YWCHSB delivers stability to Yukon employers

For release | January 21, 2021

The Yukon Workers’ Compensation Health and Safety Board (YWCHSB) announced today that in order to continue to keep rates stable and maintain the integrity of the Compensation Fund, rebates will not be distributed to Yukon employers this year.

From 2012 through 2018, over $60 million* was distributed to Yukon employers in the form of rate subsidies and rebate cheques. The compensation system still has the funds needed to provide excellent care to every Yukon worker injured on the job.

“The decision to not distribute a rebate this year is a continuation of our measured approach to the long-term stewardship of the Compensation Fund,” said Mark Pike, Chair of YWCHSB’s Board of Directors. “By exercising this caution, we’re providing downside protection to the Fund if a market correction occurs and that means a lower risk of rate volatility for employers. It’s the most prudent financial decision to protect the interests of employers and the integrity of the Fund itself.”

YWCHSB aims to maintain its Compensation Fund at between 121 and 129 per cent of our total liabilities, a range established through consultation with worker and employer stakeholder groups. This guarantees that the funds are available to meet not only the current needs of injured workers but also any future unanticipated needs.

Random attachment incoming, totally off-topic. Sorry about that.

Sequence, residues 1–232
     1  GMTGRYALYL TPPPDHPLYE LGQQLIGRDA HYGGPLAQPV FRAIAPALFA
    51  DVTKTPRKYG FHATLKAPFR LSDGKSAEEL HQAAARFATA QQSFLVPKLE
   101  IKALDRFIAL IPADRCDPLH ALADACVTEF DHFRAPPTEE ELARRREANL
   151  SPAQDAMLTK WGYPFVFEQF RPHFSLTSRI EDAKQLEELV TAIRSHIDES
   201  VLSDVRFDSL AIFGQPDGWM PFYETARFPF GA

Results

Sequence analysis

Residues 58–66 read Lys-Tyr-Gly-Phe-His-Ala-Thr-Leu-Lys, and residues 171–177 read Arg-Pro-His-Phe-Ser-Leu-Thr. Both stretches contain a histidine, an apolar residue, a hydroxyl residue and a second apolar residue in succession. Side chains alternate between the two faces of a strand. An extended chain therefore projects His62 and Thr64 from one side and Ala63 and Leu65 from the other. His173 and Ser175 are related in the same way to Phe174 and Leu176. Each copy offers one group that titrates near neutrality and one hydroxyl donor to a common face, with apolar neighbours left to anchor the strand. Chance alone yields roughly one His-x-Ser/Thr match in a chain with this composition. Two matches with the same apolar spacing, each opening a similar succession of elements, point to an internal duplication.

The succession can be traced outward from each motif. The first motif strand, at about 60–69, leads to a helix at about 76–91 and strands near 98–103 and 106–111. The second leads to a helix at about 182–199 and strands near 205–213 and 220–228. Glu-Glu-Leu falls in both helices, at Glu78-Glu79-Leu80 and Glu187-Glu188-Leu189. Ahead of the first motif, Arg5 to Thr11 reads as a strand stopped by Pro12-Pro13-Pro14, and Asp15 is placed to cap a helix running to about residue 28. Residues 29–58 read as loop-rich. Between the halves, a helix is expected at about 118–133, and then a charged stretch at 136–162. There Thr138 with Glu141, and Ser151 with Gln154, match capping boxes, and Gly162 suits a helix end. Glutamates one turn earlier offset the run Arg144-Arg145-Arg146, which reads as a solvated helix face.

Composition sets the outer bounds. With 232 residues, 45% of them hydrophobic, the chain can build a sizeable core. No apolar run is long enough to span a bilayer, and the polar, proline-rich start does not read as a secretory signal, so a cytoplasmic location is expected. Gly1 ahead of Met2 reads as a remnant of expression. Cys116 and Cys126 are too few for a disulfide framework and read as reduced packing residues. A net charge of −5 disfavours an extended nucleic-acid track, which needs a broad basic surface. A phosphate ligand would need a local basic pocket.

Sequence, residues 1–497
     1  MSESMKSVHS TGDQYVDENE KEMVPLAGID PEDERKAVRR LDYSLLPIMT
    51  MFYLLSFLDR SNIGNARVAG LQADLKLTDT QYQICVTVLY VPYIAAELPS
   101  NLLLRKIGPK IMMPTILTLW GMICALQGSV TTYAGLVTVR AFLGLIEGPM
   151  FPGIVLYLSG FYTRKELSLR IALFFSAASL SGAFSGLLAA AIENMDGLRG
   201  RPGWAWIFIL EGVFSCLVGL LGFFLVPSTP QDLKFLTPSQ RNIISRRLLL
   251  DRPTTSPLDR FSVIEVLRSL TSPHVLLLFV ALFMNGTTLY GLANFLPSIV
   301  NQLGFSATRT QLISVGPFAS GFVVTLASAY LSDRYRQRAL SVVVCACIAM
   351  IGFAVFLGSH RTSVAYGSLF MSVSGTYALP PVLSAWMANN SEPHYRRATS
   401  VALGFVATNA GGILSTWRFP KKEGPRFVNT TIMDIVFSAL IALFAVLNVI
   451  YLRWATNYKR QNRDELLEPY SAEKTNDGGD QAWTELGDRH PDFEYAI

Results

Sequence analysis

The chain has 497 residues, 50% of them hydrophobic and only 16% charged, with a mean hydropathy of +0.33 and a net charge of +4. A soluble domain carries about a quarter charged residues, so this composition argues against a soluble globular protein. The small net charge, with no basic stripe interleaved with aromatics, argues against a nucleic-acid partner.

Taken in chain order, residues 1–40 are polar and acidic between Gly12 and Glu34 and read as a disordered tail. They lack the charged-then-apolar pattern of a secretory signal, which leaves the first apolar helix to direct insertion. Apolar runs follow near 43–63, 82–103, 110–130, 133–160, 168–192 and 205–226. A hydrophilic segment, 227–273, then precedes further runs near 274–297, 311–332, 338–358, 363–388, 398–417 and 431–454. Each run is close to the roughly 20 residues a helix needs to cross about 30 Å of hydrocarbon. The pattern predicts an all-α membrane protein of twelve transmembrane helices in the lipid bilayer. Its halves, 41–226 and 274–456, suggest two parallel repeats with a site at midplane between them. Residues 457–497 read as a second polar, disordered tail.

At the end of 2018, YWCHSB’s funded position was 132 per cent, down from its peak of 160 per cent at the end of 2014. This peak was a result of the unprecedented growth in global financial markets.

“After four years of rebates and rate reductions, and ongoing careful financial management, we can now rely on our funding policy to do what it was designed to do: bring the Fund into our target range; ensure rate stability and avoid large fluctuations; absorb shocks and bumps from claims costs and market volatility; and ensure a solvent Compensation Fund,” said Kurt Dieckmann, President/CEO of YWCHSB.

Yukon employers share collectively in the obligation to provide compensation to injured workers by contributing to the Compensation Fund, which provides injury prevention services, wage-loss benefits, and stay-at-work and return-to-work support to eligible claimants.

* Correction: this figure was previously reported incorrectly as $65 million.
 

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